Situated on the Gulf of Finland on Estonia’s northern coast, Tallinn is the country capital and the chief port.
Tallinn was first mentioned in 1154 by the Arabian geographer al-Idrisi, who referred to the city as ‘Kaleweny’, although a settlement had been there for over a millennium. Under King Valdemar II, the Danes conquered the city in 1219. Valdemar built a fortress on the Toompea hill, which dominates the city and overlooks the harbour. The settlement around the foot of the hill created the Lower Town. The name Tallinn evolved from the Estonian for ‘Danish fortification’. The city joined the Hanseatic League in 1285 and trade prospered. Over time the Lower Town expanded to the harbour while the Toompea fortification was encompassed by a wall. The harbour attracted Russian, Scandinavian and German merchants. Following a deal between the Danish occupiers and German crusaders, Teutonic knights acquired Tallinn in 1346, changing its name to Reval.
During the sixteenth century, Tallinn, along with other Baltic regions, fell victim to hostilities as neighbouring powers fought for control. Ivan the Terrible besieged Livonia in the mid-sixteenth century leading to the demise of the Teutonic Knights. During the ensuing Livonian War (1558–83), Sweden repelled the Russians and took control of Tallinn, occupying it for a century and a half. Eventually, in 1721 Russia’s Peter the Great forced the Swedes out of Tallinn to begin a long Russian occupation.
The city’s importance and prosperity was increased after a rail link to St Petersburg was opened in 1870 and Tallinn served the Russian empire as a major ice free port. The emancipation of the serfs the following year swelled the city’s ethnic Estonian population, many of whom worked in the shipyards.
Russian rule ended in 1918, and the renamed Tallinn became the capital of independent Estonia. But the country’s independence was shortlived and in 1940 Stalin’s army occupied the city after which many Estonians were deported to Siberia. Between 1941–44 German troops captured the city. Few parts of Tallinn survived World War II unscathed, with Soviet bombing inflicting the most damage. The city once again found itself under Soviet control and more deportations ensued. The population was replaced by Russian migrants. Finally, in 1991 Tallinn once again became the capital of independent Estonia.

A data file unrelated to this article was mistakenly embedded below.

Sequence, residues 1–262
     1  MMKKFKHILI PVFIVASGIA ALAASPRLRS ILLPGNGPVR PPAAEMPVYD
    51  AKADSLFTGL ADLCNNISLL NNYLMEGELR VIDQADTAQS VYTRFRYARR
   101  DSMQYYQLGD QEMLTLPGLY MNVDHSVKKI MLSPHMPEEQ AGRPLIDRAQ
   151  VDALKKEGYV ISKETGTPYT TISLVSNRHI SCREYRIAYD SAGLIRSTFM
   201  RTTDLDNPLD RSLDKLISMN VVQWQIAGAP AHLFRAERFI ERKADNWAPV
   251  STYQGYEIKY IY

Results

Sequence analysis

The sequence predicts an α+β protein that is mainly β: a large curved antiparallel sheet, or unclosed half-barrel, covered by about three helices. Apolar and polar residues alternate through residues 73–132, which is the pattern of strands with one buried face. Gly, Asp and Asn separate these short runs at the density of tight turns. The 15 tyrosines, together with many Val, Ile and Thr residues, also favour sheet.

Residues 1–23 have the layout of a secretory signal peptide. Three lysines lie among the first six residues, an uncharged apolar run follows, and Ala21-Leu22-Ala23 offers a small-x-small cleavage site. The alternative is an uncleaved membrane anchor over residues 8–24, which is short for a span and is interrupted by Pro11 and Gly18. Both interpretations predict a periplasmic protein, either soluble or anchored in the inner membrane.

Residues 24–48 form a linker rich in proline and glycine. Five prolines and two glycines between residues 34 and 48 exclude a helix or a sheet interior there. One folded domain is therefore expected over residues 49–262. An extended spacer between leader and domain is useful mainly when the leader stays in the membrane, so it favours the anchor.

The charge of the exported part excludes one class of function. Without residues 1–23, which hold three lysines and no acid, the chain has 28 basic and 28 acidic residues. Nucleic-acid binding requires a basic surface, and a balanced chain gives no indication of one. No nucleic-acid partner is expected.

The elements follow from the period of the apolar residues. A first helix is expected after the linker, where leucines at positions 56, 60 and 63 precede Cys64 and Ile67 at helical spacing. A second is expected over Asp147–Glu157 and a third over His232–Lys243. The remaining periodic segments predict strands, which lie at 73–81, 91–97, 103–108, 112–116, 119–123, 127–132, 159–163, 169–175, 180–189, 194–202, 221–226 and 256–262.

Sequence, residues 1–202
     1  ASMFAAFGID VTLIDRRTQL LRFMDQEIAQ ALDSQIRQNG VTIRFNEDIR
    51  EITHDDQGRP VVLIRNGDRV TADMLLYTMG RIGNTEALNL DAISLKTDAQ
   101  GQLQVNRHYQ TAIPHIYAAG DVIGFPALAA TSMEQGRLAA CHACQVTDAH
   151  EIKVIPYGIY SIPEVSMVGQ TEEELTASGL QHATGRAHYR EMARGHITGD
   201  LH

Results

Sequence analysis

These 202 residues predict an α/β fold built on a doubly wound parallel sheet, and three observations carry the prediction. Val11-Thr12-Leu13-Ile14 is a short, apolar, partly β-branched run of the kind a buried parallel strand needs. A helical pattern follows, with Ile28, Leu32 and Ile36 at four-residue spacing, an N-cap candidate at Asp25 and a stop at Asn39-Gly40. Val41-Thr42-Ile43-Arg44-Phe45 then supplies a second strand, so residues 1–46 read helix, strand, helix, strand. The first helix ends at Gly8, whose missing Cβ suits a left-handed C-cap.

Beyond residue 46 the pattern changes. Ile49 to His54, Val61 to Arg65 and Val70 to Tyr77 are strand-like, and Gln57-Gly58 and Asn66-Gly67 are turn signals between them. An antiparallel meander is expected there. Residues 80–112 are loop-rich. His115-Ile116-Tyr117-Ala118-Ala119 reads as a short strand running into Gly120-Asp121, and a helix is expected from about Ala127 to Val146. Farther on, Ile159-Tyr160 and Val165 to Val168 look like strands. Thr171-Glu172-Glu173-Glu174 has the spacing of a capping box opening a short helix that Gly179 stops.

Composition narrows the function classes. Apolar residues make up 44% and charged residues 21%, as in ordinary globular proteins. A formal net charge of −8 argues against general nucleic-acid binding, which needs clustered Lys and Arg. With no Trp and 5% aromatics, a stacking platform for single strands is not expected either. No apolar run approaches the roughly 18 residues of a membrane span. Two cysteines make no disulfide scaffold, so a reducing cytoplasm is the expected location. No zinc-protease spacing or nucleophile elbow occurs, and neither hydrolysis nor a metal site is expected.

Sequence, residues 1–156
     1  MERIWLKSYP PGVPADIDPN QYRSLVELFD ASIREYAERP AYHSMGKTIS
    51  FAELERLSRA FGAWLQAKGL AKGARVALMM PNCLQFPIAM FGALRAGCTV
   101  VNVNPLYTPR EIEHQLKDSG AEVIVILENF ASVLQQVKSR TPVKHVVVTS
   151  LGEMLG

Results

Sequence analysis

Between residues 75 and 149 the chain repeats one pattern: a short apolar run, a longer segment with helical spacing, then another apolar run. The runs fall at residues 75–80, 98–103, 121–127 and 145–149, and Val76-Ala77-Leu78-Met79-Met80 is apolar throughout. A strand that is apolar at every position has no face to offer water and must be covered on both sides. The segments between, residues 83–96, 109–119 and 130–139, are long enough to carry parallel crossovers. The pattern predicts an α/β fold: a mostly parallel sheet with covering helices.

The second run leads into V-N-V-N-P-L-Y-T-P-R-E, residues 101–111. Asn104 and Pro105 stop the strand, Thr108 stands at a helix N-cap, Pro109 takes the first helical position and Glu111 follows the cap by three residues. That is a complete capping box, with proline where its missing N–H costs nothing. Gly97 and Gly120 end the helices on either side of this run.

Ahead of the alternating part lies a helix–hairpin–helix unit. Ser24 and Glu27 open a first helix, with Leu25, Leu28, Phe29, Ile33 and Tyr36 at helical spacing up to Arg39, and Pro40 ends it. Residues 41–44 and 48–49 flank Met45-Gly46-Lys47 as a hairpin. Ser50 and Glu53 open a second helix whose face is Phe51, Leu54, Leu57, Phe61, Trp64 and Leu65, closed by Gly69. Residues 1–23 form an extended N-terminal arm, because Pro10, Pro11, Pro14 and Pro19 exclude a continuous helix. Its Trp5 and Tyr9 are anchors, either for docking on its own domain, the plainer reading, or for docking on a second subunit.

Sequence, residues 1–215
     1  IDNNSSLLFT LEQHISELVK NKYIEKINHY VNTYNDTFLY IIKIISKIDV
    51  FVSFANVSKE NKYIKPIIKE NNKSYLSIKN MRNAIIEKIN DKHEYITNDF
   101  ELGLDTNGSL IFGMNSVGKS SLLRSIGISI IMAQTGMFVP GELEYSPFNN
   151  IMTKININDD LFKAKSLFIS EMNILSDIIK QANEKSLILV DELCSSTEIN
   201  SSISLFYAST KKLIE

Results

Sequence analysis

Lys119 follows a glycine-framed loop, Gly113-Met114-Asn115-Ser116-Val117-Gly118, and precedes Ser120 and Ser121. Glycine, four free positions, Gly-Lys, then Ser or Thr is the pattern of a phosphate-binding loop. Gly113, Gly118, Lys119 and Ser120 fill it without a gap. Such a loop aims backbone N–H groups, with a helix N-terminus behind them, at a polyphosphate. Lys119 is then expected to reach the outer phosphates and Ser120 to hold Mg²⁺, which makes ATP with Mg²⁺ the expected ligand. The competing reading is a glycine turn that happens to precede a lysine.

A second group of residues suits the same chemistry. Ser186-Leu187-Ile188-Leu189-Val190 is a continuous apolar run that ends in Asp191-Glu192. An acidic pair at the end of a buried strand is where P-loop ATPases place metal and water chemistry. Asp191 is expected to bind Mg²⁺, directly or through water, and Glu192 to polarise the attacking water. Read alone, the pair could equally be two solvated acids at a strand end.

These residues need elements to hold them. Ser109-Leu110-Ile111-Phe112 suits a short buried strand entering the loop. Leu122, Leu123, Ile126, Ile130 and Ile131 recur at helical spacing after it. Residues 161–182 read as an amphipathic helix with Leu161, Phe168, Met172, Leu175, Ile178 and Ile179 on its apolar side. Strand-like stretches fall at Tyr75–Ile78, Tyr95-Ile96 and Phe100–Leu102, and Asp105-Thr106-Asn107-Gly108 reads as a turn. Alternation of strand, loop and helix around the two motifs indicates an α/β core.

Aside from the port’s commercial activity, Tallinn has engineering and shipbuilding industries as well as cement, paper and textile production. Educational institutions include a technical university and a science academy. Tallinn has an international airport 2.5 km from the city centre and is 90 min from Helsinki by hydrofoil. Other ferries go to Stockholm. Rail services connect the city to other Baltic capitals.
Places of Interest
Although a largely modern city, much of Tallinn’s medieval aspect survives in Vanalinn, the old town, and some of the city walls remain. A UNESCO heritage site since 1997, Vanalinn contains the Gothic town hall, built in the late fourteenth century, and the thirteenth century Holy Spirit Church.
Constructed in the early eighteenth century, Kadriog Palace was designed by Italian architect Niccolo Michetti for Peter I. Built in Baroque style on the city’s original Danish fort, Toompea Castle now houses Estonia’s riigikogu, or parliament. Museums include the Estonian Art Museum (KUMU) and a foreign art museum housed in the Kadriog Palace.